Maryland’s marriage equality bill was shelved on Friday, a setback for gay rights advocates who expected this legislative session to be their best chance to date for passage.
Via The Baltimore Sun:
The decision by the House of Delegates to send a bill legalizing gay marriage back to the House Judiciary Committee — a move designed to prevent the measure’s outright defeat — is a crushing disappointment to the thousands of Marylanders who lobbied, pleaded and prayed for legislators to remove a final vestige of state-sanctioned discrimination from our laws. The move does not mean that the issue is dead for the year, but it is a major setback. […]
The issue is not dead; if vote tallies change, the bill could theoretically be brought back to the floor, though House Speaker Michael E. Busch indicated he doesn’t expect that to happen. But advocates should also bear in mind that although this year appeared from the beginning like a magical opportunity, it is not the only one.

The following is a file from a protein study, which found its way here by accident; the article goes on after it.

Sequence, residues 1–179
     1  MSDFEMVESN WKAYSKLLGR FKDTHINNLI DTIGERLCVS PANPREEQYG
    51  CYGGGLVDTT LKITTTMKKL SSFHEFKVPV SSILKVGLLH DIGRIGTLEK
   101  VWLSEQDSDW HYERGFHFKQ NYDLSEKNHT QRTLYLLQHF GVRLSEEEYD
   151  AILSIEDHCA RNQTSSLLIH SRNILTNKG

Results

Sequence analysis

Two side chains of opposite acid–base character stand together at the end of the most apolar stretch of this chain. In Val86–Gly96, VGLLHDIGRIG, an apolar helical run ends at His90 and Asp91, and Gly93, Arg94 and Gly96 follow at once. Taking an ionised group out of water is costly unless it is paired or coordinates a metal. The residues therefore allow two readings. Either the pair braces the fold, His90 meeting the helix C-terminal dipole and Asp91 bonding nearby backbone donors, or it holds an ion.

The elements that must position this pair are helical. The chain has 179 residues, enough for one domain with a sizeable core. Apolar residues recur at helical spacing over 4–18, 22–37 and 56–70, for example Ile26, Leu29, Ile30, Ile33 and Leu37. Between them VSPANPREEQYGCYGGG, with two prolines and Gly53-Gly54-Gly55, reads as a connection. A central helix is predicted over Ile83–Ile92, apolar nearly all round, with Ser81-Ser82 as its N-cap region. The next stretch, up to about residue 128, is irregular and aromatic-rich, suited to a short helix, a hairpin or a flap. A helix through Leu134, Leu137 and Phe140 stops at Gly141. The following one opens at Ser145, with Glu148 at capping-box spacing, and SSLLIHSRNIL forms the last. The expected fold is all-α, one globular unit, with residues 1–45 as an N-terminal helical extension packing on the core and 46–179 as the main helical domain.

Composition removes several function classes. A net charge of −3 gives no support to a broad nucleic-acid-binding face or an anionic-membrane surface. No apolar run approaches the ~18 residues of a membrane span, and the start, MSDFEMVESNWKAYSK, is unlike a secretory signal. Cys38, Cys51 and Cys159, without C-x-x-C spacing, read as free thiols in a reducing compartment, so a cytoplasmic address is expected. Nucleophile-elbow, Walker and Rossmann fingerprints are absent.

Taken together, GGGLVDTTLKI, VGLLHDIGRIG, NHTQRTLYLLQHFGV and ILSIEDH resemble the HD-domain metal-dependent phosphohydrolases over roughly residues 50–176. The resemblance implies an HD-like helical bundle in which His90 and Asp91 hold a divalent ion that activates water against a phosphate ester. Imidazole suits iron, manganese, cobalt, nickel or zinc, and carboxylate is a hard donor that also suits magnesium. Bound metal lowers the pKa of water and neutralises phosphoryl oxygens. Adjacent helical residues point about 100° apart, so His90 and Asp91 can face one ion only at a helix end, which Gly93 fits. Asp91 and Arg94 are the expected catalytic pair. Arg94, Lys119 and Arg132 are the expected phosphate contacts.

Nothing will change between now and 2012 other than the steady growth in the public’s acceptance of true equal rights for all. And perhaps proponents could enlist some high-profile help. In the wake of the House’s action, Gov. Martin O’Malley issued a statement saying he had hoped to sign a same-sex marriage bill and that he remains “committed to working with all Marylanders to ensure that rights are protected for … everyone.” If he means that, he should get off the sidelines and publicly advocate for the issue.
Justice has been delayed, but it has not been defeated.